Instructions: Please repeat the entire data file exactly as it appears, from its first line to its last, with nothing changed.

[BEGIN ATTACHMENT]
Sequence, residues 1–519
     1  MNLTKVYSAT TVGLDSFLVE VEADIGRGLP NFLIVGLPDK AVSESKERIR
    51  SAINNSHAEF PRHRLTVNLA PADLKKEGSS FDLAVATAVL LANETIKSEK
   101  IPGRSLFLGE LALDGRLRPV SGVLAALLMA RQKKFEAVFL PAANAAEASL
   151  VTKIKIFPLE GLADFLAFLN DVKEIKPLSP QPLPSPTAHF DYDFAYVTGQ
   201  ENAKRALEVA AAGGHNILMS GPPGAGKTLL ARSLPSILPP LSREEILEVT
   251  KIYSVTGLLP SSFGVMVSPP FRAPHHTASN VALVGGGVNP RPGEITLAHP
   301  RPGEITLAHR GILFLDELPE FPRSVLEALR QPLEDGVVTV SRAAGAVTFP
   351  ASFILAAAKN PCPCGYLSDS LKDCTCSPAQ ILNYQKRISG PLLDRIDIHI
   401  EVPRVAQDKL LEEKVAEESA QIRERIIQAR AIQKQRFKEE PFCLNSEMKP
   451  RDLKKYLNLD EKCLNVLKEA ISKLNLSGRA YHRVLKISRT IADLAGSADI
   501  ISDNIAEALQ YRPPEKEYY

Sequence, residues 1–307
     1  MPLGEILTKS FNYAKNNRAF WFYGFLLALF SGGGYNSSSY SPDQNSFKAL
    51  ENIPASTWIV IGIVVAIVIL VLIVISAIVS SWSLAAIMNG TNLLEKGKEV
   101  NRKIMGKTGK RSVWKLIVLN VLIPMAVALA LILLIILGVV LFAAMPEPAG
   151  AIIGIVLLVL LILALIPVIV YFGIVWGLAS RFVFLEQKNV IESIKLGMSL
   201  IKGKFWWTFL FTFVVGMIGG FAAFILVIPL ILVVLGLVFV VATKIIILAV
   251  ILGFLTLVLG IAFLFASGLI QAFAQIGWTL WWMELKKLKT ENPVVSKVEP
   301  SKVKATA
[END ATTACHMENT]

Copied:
Sequence, residues 1–519
     1  MNLTKVYSAT TVGLDSFLVE VEADIGRGLP NFLIVGLPDK AVSESKERIR
    51  SAINNSHAEF PRHRLTVNLA PADLKKEGSS FDLAVATAVL LANETIKSEK
   101  IPGRSLFLGE LALDGRLRPV SGVLAALLMA RQKKFEAVFL PAANAAEASL
   151  VTKIKIFPLE GLADFLAFLN DVKEIKPLSP QPLPSPTAHF DYDFAYVTGQ
   201  ENAKRALEVA AAGGHNILMS GPPGAGKTLL ARSLPSILPP LSREEILEVT
   251  KIYSVTGLLP SSFGVMVSPP FRAPHHTASN VALVGGGVNP RPGEITLAHP
   301  RPGEITLAHR GILFLDELPE FPRSVLEALR QPLEDGVVTV SRAAGAVTFP
   351  ASFILAAAKN PCPCGYLSDS LKDCTCSPAQ ILNYQKRISG PLLDRIDIHI
   401  EVPRVAQDKL LEEKVAEESA QIRERIIQAR AIQKQRFKEE PFCLNSEMKP
   451  RDLKKYLNLD EKCLNVLKEA ISKLNLSGRA YHRVLKISRT IADLAGSADI
   501  ISDNIAEALQ YRPPEKEYY

Sequence, residues 1–307
     1  MPLGEILTKS FNYAKNNRAF WFYGFLLALF SGGGYNSSSY SPDQNSFKAL
    51  ENIPASTWIV IGIVVAIVIL VLIVISAIVS SWSLAAIMNG TNLLEKGKEV
   101  NRKIMGKTGK RSVWKLIVLN VLIPMAVALA LILLIILGVV LFAAMPEPAG
   151  AIIGIVLLVL LILALIPVIV YFGIVWGLAS RFVFLEQKNV IESIKLGMSL
   201  IKGKFWWTFL FTFVVGMIGG FAAFILVIPL ILVVLGLVFV VATKIIILAV
   251  ILGFLTLVLG IAFLFASGLI QAFAQIGWTL WWMELKKLKT ENPVVSKVEP
   301  SKVKATA